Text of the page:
The diagnosis of AF required one inpatient or two outpatient records of International Classification of Disease, Tenth Revision (ICD-10) codes in the database. The exact diagnosis code for AF is presented in Additional file 1: Table S1.
Body weight status was classified into five groups according to BMI: underweight [BMI < 18.5 (kg/m2)], normal reference (18.5 ≤ BMI < 23.0), upper normal (23.0 ≤ BMI < 25.0), overweight (25.0 ≤ BMI < 30.0), and obesity (BMI ≥ 30.0). Waist circumference (WC) was also utilized to complement BMI and was classified into 6 stages: (i) WC < 80.0 (cm), 80.0 ≤ WC < 85.0, 85.0 ≤ WC < 90.0, 90.0 ≤ WC < 95.0, 95.0 ≤ WC < 100.0, and WC ≥ 100.0 for males and (ii) WC < 75.0, 75.0 ≤ WC < 80.0, 80.0 ≤ WC < 85.0, 85.0 ≤ WC < 90.0, 90.0 ≤ WC < 95.0, and WC ≥ 95.0 for females.
Only type 2 diabetes was included in this study. Patients were classified into 5 stages with regard to diabetes: non-diabetic, impaired fasting glucose (IFG), new-onset diabetes, diabetic for less than 5 years, and diabetic for more than 5 years. Each stage was defined as follows: (i) non-diabetic as fasting blood sugar (FBS) < 100 mg/dl, no use of diabetic medication and no history of physician-diagnosed diabetes, (ii) IFS: FBS 100–125 mg/dl, no use of diabetic medication and no history of physician-diagnosed diabetes, (iii) diabetic: FBS ≥ 126 mg/dl or use of diabetic medication or history of physician-diagnosed diabetes. New-onset diabetes was defined as those diagnosed with diabetes at the time of National health check-ups.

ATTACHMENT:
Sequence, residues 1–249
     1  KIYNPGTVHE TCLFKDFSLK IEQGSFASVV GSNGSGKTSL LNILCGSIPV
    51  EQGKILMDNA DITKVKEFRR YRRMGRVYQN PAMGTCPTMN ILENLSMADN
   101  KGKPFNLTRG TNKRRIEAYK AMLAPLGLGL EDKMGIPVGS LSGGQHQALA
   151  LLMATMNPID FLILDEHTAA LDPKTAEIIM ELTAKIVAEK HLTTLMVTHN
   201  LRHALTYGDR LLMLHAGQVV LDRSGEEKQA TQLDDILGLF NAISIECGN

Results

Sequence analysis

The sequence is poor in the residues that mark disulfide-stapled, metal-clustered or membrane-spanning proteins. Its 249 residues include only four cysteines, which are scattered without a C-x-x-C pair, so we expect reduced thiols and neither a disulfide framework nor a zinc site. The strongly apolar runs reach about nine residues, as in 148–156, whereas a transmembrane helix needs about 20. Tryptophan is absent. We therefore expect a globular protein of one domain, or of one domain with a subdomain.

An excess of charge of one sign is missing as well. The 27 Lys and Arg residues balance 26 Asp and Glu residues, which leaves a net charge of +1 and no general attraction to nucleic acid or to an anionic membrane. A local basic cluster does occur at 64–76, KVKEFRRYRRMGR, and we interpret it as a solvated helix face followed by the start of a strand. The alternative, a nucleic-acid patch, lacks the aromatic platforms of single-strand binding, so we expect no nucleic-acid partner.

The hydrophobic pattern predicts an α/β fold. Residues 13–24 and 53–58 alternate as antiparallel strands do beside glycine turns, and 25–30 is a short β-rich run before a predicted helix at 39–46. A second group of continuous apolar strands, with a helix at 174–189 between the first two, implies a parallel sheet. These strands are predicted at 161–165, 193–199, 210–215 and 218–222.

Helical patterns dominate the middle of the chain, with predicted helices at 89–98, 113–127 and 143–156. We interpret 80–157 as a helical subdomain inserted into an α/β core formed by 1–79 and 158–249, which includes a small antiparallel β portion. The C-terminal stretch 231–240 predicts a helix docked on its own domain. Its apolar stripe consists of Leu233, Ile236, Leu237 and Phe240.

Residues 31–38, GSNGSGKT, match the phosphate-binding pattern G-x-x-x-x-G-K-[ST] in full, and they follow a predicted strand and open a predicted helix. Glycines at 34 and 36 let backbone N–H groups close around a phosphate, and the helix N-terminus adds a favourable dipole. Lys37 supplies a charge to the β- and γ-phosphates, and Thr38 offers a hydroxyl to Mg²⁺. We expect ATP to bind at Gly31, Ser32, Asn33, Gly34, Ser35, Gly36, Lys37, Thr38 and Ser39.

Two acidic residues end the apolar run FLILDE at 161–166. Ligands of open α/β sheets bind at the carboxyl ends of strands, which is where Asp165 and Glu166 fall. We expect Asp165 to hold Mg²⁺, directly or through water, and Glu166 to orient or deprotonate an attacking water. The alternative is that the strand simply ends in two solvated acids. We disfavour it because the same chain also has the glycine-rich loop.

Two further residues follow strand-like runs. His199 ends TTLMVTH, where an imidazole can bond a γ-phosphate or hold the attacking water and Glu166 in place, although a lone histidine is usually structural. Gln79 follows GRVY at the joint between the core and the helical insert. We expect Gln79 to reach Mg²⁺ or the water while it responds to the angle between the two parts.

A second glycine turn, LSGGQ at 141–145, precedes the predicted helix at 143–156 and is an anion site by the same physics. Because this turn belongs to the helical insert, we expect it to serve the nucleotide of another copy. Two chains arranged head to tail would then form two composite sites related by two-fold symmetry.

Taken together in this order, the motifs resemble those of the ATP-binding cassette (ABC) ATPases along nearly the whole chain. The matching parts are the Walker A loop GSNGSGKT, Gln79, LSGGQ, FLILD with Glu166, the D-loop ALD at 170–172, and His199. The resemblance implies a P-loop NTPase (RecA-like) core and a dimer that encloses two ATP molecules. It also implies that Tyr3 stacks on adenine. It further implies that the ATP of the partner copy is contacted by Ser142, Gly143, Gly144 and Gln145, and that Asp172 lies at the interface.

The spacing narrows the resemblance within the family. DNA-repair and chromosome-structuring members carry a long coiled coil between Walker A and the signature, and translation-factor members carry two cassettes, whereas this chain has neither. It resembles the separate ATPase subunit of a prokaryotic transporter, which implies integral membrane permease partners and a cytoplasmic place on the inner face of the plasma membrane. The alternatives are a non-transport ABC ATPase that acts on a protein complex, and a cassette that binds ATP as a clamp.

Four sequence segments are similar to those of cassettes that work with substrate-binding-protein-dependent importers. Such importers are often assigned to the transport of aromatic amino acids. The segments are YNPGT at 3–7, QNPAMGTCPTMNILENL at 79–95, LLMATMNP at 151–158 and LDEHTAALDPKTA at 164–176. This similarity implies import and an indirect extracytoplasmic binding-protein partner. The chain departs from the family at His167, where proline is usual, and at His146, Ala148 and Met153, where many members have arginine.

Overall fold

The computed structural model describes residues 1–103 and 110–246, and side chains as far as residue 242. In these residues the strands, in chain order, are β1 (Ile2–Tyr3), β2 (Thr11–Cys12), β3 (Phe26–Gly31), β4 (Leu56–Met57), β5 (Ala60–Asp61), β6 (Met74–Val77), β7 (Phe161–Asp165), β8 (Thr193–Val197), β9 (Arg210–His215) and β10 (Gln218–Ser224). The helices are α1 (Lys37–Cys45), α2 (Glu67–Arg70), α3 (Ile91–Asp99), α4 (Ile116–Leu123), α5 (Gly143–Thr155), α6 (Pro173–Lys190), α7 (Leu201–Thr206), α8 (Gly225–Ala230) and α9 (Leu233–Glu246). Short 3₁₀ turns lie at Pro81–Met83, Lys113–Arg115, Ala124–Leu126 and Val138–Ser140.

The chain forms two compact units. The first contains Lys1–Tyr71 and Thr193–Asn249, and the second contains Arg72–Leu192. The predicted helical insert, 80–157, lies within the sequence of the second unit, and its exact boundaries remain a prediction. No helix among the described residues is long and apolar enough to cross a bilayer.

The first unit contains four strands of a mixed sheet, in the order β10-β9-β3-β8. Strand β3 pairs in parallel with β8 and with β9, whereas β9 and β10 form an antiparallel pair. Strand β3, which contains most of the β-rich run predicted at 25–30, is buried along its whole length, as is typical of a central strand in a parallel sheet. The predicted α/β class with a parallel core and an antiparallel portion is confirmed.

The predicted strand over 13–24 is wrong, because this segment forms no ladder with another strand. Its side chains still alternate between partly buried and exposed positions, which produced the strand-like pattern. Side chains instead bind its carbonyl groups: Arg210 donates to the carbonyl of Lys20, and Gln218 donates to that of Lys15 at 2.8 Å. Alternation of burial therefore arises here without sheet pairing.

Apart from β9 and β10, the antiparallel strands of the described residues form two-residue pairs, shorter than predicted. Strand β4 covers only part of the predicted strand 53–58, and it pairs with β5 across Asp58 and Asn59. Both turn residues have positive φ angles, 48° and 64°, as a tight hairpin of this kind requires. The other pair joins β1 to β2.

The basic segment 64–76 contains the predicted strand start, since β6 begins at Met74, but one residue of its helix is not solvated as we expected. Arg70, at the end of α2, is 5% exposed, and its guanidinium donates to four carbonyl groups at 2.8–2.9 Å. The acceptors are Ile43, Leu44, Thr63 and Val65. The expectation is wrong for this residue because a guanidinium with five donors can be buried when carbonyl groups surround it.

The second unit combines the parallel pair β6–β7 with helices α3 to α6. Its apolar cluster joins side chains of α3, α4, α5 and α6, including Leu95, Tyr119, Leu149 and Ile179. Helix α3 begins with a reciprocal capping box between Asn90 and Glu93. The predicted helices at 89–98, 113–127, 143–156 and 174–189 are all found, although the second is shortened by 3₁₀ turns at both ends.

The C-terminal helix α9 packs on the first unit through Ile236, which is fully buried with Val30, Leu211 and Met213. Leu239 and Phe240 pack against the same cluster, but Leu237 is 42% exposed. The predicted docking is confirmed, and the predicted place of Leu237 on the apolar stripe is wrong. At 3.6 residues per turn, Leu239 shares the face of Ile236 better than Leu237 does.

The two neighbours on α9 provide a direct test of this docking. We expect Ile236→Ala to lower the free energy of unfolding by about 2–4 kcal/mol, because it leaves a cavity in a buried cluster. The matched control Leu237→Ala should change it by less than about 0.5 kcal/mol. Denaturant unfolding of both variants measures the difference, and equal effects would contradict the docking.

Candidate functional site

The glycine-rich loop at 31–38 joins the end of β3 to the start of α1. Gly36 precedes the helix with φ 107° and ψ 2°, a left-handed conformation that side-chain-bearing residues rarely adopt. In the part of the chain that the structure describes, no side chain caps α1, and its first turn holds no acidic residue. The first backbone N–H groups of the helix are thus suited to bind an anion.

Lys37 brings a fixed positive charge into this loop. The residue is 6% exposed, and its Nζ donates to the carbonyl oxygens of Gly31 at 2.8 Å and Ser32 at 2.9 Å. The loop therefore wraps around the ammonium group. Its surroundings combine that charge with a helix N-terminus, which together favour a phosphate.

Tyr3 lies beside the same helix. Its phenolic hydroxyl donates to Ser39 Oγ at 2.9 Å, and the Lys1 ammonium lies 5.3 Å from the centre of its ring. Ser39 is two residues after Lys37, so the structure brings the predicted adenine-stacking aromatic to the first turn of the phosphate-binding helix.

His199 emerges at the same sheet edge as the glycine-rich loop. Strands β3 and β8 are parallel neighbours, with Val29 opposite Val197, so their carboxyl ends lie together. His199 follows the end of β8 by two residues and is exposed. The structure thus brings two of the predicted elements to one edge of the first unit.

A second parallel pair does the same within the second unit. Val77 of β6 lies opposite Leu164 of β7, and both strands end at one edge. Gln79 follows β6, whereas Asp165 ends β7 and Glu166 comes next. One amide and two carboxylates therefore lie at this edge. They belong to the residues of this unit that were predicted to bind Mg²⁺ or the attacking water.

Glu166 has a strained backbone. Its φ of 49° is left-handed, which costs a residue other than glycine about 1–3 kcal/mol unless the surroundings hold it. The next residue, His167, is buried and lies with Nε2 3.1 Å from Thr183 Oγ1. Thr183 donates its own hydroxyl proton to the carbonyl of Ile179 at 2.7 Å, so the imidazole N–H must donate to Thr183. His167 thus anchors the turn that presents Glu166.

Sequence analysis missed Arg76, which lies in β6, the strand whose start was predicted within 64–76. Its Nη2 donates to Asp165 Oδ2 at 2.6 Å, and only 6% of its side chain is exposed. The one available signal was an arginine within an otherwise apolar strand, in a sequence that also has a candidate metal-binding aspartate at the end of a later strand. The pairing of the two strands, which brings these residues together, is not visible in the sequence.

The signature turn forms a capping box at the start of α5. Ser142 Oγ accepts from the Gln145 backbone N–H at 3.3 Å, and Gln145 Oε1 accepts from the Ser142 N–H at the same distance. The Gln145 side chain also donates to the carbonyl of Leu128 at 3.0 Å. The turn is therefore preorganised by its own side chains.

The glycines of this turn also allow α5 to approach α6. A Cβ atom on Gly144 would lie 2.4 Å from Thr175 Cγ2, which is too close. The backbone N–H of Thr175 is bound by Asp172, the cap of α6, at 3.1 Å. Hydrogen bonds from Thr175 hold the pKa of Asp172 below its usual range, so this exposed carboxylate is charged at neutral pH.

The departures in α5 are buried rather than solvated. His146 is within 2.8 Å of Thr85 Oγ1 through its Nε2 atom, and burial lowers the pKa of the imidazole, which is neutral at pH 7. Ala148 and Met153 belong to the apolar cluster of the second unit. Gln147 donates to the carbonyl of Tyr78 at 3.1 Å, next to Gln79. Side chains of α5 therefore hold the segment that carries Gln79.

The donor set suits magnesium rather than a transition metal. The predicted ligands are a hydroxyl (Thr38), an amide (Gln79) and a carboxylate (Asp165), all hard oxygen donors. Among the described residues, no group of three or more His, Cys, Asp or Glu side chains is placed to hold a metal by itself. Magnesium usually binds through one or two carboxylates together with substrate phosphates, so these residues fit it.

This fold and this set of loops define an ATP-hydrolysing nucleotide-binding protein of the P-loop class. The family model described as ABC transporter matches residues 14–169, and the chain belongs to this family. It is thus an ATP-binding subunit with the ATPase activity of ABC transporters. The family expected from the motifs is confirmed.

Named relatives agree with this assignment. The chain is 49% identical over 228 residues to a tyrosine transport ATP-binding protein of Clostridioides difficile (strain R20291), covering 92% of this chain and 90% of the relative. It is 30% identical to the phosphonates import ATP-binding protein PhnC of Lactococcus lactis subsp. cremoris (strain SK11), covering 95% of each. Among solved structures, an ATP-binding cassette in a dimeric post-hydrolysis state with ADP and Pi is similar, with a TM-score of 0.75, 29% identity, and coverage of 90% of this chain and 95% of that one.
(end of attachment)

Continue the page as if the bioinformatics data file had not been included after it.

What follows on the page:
Study end points
The occurrence of new-onset AF was the end point of this study. Incidence of new-onset AF was defined as number of new-onset AF calculated for 1000 patient*years follow up. The influence of body weight status and different stage of diabetes were evaluated through various subgroup analyses.